To increase your company’s chances of hooking a ‘whale’, follow these recommendations as we e’re creeping up on the end of the second quarter. So as you start making plans to grow your small business, it’s a great time to focus on what it takes to land a “whale,” or a big client. Hooking one can take time, but I have six ways that can increase your chances of success.
Be choosy about your prospects
Small businesses are often seduced by the glitz of big-name companies and pitch every giant they can think of. That approach is a mistake. Instead, target the big companies that you respect, the ones that reflect your business’ values and have a history of working with smaller suppliers. To weed out prospects, read each firm’s annual report and news releases. That’s where you’ll see whether its causes and commitment to giving are a good match for you.
Also, look at the supplier-diversity section of the company’s website. It will give you insights about opportunities and criteria for small businesses.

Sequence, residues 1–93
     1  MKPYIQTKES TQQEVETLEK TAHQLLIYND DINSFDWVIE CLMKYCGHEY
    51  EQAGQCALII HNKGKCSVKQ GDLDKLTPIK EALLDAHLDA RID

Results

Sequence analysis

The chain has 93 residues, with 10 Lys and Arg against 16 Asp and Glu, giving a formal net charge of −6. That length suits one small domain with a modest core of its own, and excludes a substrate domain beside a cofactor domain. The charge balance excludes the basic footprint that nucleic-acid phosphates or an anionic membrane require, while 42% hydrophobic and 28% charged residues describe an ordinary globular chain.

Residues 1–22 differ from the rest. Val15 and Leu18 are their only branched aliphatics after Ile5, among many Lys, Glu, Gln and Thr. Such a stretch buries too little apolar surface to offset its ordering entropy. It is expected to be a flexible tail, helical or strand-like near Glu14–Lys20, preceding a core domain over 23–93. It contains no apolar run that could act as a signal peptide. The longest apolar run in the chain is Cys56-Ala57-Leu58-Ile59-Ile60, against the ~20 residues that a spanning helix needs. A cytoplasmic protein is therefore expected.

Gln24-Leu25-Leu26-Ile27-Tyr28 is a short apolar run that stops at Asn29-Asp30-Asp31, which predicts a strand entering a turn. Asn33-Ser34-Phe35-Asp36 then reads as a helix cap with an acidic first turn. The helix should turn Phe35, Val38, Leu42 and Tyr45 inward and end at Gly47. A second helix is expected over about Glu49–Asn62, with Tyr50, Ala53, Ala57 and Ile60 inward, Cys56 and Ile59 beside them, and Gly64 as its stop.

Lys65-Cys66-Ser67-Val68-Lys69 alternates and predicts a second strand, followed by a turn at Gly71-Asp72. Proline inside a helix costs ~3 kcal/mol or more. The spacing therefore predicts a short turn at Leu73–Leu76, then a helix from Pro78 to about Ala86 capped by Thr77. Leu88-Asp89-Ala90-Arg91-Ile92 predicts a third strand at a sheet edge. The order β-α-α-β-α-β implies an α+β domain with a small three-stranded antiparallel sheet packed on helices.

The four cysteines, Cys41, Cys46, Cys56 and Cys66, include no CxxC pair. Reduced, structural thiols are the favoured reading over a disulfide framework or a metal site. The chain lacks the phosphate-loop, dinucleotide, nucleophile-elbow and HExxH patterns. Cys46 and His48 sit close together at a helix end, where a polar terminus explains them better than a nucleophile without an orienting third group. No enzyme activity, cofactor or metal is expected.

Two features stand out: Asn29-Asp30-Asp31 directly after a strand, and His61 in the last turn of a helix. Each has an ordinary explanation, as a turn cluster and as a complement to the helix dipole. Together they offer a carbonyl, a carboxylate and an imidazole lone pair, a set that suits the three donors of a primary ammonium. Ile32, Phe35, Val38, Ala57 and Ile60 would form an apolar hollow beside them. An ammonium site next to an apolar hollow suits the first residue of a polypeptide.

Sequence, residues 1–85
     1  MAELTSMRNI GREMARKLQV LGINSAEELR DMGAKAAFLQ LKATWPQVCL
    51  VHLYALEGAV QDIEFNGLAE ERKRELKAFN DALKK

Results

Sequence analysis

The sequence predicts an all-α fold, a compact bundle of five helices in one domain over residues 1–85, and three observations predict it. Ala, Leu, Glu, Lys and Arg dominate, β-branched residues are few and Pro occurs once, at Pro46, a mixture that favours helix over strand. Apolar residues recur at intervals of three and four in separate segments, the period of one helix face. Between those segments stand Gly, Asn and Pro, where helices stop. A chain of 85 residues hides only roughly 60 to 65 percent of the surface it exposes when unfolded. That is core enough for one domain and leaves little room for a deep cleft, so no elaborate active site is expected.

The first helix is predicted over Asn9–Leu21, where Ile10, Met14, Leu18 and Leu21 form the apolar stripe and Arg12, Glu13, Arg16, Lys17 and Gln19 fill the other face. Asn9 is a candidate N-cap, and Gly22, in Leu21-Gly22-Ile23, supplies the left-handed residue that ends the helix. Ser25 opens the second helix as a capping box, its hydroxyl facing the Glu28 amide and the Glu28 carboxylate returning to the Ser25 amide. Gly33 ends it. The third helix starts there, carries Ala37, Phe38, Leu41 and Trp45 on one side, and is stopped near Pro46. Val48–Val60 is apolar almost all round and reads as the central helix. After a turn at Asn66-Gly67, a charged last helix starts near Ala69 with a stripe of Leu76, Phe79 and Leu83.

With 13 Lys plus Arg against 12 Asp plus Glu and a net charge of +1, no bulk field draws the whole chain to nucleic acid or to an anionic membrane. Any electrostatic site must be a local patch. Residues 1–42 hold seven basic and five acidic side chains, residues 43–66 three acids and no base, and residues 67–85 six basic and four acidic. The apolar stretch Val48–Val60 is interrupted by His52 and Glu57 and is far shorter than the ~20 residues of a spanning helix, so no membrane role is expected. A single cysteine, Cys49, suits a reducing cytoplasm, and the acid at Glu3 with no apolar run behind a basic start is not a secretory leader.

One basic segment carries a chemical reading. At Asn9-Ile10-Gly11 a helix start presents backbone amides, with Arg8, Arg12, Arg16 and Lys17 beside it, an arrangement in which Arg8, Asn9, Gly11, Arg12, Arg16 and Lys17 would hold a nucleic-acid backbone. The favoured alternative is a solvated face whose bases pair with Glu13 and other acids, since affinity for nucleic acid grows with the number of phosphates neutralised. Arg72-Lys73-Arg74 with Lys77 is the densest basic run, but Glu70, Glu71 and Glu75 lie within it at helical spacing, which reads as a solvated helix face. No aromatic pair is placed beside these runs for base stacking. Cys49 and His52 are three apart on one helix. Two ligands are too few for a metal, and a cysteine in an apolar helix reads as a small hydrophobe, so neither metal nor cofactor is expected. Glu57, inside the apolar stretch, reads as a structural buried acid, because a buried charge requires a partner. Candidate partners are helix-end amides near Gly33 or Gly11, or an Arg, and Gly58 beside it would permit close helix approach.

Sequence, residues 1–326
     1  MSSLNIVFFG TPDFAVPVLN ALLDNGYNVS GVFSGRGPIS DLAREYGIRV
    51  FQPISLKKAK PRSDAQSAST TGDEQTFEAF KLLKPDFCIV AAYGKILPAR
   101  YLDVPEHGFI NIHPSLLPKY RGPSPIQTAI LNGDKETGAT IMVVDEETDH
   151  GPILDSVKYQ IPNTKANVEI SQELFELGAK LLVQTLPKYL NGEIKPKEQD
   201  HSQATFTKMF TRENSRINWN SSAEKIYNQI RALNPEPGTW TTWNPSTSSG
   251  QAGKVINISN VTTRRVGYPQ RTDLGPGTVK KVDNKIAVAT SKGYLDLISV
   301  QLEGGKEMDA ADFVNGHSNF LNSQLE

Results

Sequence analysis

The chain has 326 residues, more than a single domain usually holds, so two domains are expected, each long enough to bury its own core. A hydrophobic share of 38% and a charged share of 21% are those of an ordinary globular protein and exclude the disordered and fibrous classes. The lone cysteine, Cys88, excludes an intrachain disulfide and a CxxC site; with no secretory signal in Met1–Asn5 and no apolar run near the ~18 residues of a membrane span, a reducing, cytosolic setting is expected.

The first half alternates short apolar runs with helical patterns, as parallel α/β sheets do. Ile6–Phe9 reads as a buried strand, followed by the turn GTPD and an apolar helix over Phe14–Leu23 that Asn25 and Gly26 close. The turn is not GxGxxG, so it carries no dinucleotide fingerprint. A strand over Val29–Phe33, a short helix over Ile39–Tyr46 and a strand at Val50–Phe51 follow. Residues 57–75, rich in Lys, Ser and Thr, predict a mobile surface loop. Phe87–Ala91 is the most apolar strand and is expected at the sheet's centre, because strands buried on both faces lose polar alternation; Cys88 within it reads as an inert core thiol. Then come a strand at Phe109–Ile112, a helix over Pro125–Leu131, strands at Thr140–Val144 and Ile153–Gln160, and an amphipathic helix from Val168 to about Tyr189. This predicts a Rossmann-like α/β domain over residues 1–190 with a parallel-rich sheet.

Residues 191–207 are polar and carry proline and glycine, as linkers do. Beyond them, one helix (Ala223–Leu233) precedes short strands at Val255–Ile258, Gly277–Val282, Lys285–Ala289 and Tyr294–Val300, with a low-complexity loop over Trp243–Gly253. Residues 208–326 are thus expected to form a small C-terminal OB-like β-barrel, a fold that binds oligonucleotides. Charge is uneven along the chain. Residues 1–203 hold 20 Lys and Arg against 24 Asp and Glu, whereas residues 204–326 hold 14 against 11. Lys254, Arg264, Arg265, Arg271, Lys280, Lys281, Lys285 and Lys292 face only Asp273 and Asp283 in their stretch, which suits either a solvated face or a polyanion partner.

Make your introductory message sharp
Business coach Barry Moltz, the Chicago-based author of You Need to Be a Little Crazy: The Truth About Starting and Growing Your Own Business, says small business owners often try to cram too much information into their first email or call to a big prospect, hoping that something they say will resonate. Instead, hone in on what your company does best.
Perhaps your business has a knack for saving money on IT. Don’t muddy the waters by hawking your firm’s Web design or social media marketing services.
Focus on your solution to a whale’s problem
All companies have problems; you want to offer prospects sure-fire solutions. If you’re a whiz at search engine optimization, for instance, your business could be a godsend to a Fortune 500’s overworked marketing department.
When you make a sales pitch to a whale, don’t highlight the features of your product or service. Instead, describe how your firm can save the company time, money or energy; reach new markets; increase employee engagement or overcome a key obstacle. Help your prospect picture a world where a big problem doesn’t exist anymore.
Meet every stakeholder possible
Once you get beyond the introductory email or call and have a chance to make an in-person pitch, it’s imperative that you meet as many of the people involved with your potential order as you can.
At large companies, Searcy says, hiring a new firm to provide products or services affects a broader swath of people than at smaller businesses. So the more connections you can make, the less you’re likely to encounter objections due to change or fear of an unknown supplier. “Ask your corporate contact if you can meet other people who will be affected by the decision, so you can answer their questions,” Searcy says.